Los Angeles, Oct. 11 – Award-winning producer Diana Romero has worked in the industry for more than a decade. When she was diagnosed with multiple sclerosis (MS), she approached it the only way she knew how – with a sense of humor.
“When I started having issues with my legs, I withdrew from everything, because of a feeling of shame and embarrassment, mostly coming from not knowing how to live life without the use of my legs,” Romero said in an interview with RespectAbility. “It wasn’t until I decided to travel alone for six weeks that I regained confidence and then took it to the stage. Because I know a lot of people who don’t have disabilities look at me and they think, I wonder what’s wrong with her. I want people to see what my everyday life is. I want people to hear what I deal with…look at the things that happened to me in a humorous way…to me that’s healing… I don’t dwell on it; it doesn’t keep me depressed.”
In addition to producing, Romero is known for her acting and comedy routines, saying that both “comedy and entertainment [are in] my blood.”
“Being able to make other people laugh heals,” Romero added. Her comedy routine does not shy away from talking about her real-life experiences with a disability, including the dating scene.
“The nice thing about the entertainment industry is that we have all those kinds of jobs that we can do,” Romero added. This is especially important for people with disabilities who may need to take a different path for their chosen field due to various obstacles and stigmas in the way of a traditional path for actors, producers, directors, writers and other entertainment professionals.
Her passion, not only for her own career, but for that of others, is reflected ironically when she was scammed by a talent agency at the very beginning of her career in entertainment. As an unknown in Hollywood, she experienced being green. In a both dicey and pricey encounter, she paid a lot of money to take an acting class. The company in charge of the class promised her a manager and her face on TV. She learned that the company only wanted her money, and there was nothing to the company. This experience led her to caution others of pay-to-play scams. Now, Romero has an agent who recognizes her disability is an asset and can help her succeed the right way.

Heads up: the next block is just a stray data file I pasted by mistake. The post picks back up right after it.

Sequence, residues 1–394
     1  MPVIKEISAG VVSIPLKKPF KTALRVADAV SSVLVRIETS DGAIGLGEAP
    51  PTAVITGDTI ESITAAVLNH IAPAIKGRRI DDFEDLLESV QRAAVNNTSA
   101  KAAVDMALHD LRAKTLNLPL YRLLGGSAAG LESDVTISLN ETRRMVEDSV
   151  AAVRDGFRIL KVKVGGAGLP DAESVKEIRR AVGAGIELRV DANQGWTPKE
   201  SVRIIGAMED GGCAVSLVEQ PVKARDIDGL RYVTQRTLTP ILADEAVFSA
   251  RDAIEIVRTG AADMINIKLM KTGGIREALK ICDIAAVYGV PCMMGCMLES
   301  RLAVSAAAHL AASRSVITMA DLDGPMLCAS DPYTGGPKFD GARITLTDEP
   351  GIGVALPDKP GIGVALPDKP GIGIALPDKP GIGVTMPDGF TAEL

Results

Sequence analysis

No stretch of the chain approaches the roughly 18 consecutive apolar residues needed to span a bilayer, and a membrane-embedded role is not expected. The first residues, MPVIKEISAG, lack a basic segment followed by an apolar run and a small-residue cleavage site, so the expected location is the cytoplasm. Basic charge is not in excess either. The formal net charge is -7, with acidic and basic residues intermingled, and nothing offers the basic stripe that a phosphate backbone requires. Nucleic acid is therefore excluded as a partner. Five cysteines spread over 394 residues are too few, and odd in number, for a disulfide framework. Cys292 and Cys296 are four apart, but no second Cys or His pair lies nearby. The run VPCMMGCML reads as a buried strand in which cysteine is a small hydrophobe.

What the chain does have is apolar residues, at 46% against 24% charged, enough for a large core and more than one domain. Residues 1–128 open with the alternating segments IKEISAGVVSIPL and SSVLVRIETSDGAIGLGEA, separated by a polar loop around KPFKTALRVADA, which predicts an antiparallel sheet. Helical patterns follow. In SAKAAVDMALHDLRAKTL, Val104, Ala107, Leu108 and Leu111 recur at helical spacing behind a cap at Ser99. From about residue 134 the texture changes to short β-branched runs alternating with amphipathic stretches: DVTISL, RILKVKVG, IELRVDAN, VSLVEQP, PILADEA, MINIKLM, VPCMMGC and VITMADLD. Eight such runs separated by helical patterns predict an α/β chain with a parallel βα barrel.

Romero’s accolades include recognition as a filmmaker, a comedian, an actress, and Ms. Wheelchair California, USA. Her awards for her first film El Camino include Columbia College’s Latino student film festival audience award, and the film was an official selection for the Chicago Latino Film Festival. Furthermore, Romero won a Telly award for producing a documentary. She also wrote and produced Niña Quebrada that went on to screen worldwide and win numerous awards.
Romero’s Latinx heritage has aided her Hollywood career. “Spanish has been wonderful because I can use it for my writing…I can communicate with people who don’t speak English and especially in LA, there are a lot of people who are monolingual and only speak Spanish.” Her language skills are a facet of her overall success.
As the country celebrates National Hispanic Heritage Month, which began on September 15, 2019 and ends October 15, 2019, it is important to include Latinx and Hispanic individuals with disabilities as well. More than five-million Latinx and Hispanic Americans live with a disability in the U.S. While studies show many people within the Latinx, Hispanic and other communities hide their disability due to negative stigmas, Romero has learned to use humor when addressing her disability. Just 38.6 percent of Latinx working-age individuals with disabilities are employed, compared to 79.1 percent of Latinx working-age individuals without disabilities who are employed. Romero, however, is bucking those trends.
Earlier this year, Romero was elected to the Producers Guild of America Power of Diversity Workshop with a TV series she developed. The pilot script has been picked up by a well-established producer.